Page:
Trump doesn't care about governing. But he sure loves feuding.

On the sound and the fury of Trump's White House

Who has time to govern when there's cable news?
(Image credit: epa/MICHAEL REYNOLDS)

Donald Trump's election was supposed to be a seismic event that reshaped the Republican Party and American policy. Trump had campaigned on making the GOP a "worker's party.'" With Republican majorities in both chambers on Capitol Hill, he would revise American policy on immigration, trade, taxes, and foreign affairs. This was an epochal election.

And maybe it will be. But after health-care reform was abandoned within a few weeks, it became obvious that any political revolution was on hold. By the end of March, Trump had signed 17 pieces of legislation. One of them renamed a community outpatient clinic in American Samoa. Instead of effecting a major change in government, the populists have another project in mind: using Trump's presidency to intensify their own right-wing media feuds.

Nothing is getting done, but the sound of fighting is everywhere. Talk radio against Never Trumpers! New nationalists against libertarians! Populists versus the establishment! Outsiders trashing media insiders!

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No one took the chance to win gracefully, mollify, and lead. Instead, the populists, sensing that establishment conservatives never got on board the Trump train, are settling scores.

It goes all the way to the top. Former Breitbart boss and now top Trump aide Stephen Bannon had previously vowed to "destroy Paul Ryan's career." He has since hired Julie Hahn into the White House. She was Breitbart's fiercest Ryan critic.

At a crucial moment during Ryan's push for a Republican repeal of ObamaCare, Breitbart leaked an audio recording of Ryan criticizing Trump last fall. Somehow it also came out that Bannon thought Ryan was betraying Trump's populist voters to the insurance industry during the brief health-care fight.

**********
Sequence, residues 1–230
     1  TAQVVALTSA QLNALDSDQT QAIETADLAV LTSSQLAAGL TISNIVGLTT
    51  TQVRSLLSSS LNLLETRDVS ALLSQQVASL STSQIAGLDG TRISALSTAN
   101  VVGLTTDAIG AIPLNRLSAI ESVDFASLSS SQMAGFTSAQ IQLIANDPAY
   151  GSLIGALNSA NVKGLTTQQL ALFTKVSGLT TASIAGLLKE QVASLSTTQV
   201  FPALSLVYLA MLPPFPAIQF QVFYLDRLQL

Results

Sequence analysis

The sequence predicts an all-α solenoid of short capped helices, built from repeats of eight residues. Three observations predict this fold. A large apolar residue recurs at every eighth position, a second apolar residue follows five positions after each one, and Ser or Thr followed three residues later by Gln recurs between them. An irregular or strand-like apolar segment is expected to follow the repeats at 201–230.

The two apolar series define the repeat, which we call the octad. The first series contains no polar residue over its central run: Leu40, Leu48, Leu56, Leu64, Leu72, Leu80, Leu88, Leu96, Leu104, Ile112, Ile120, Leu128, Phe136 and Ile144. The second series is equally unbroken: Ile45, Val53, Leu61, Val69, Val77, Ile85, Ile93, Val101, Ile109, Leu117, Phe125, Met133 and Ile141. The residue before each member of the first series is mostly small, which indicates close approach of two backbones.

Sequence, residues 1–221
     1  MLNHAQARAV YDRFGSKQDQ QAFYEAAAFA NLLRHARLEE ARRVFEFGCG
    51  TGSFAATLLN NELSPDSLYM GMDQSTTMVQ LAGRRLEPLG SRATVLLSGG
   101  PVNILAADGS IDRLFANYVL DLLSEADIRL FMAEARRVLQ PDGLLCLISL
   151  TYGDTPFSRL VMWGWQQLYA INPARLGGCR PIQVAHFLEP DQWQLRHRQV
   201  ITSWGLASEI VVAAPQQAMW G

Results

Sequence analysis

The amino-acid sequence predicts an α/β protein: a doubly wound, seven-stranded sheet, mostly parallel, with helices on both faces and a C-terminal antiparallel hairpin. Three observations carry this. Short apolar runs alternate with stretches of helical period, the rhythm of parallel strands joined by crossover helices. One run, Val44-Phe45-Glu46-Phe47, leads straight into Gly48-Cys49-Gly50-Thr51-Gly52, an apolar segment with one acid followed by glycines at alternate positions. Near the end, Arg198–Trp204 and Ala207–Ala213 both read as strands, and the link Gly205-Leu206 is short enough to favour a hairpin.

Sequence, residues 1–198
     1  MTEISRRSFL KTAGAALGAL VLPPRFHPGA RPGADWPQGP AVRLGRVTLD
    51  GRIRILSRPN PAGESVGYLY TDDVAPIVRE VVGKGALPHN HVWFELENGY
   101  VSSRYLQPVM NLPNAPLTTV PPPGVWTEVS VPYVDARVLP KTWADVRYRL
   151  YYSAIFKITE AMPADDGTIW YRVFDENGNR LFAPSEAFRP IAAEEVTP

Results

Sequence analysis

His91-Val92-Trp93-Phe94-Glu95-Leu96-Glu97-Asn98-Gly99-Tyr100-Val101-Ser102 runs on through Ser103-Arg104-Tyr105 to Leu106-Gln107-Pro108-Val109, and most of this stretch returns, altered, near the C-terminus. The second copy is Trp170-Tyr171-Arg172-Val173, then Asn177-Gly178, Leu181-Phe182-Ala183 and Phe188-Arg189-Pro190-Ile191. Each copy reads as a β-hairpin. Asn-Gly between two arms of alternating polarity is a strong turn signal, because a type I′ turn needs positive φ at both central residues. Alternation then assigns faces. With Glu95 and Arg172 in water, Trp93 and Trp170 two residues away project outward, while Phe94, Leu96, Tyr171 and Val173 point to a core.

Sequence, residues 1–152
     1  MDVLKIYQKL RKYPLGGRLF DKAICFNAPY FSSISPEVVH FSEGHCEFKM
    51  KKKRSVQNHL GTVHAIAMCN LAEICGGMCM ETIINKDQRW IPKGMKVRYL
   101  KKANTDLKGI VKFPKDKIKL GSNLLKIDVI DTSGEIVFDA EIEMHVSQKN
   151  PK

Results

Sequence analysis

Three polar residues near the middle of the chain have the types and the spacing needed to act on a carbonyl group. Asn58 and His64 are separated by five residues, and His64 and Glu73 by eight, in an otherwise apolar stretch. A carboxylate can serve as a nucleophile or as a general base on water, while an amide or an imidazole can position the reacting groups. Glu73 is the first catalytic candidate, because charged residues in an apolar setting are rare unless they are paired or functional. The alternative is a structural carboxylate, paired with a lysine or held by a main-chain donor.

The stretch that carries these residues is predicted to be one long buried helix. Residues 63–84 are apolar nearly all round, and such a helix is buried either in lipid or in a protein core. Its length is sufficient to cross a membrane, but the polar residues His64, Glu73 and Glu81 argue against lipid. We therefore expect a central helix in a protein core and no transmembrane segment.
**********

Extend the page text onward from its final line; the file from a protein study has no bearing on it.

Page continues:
Chuck Johnson of GotNews got attention early for his role advising the Trump transition team, and talking about it publicly. Johnson, Jim Host, and other outsider right-wing media voices began piling on Chief of Staff Reince Priebus' staffers, like Katie Walsh, possibly in an effort to get at Priebus himself.

Talk radio voices haven't stopped railing against their hated "Never Trumpers," and the Never Trumpers occasionally give as good as they get. Wall Street Journal editorial page writer Bret Stephens attacked Sean Hannity as "Fox News' dumbest anchor and its most think-skinned," and Sean Hannity replied by comparing the relative size of their audiences on Twitter. You can chase the theme all the way down the rabbit hole, to the Twitter alt-righters, who have turned digital feuds with established Republican consultants into avocational warfare.

Beneath all of these fights are demands for respect that cannot really be satisfied. The populists are the coalition of the snubbed and excluded. In Trump they found their victory, but they have no idea what to do with it. And the tone belongs to the boss himself. Trump has shown no signs of aligning talent and brainpower to translate his campaign visions into a workable governing philosophy. What he can do is whine about the media, and his unfair treatment at the hands of the establishment.

If Trump is going to continue spending his political capital watching cable news, and complaining about the Clintons, why shouldn't the little Trumps spend more of his administration's time and energy dancing on the graves of their rivals? Sure beats governing.

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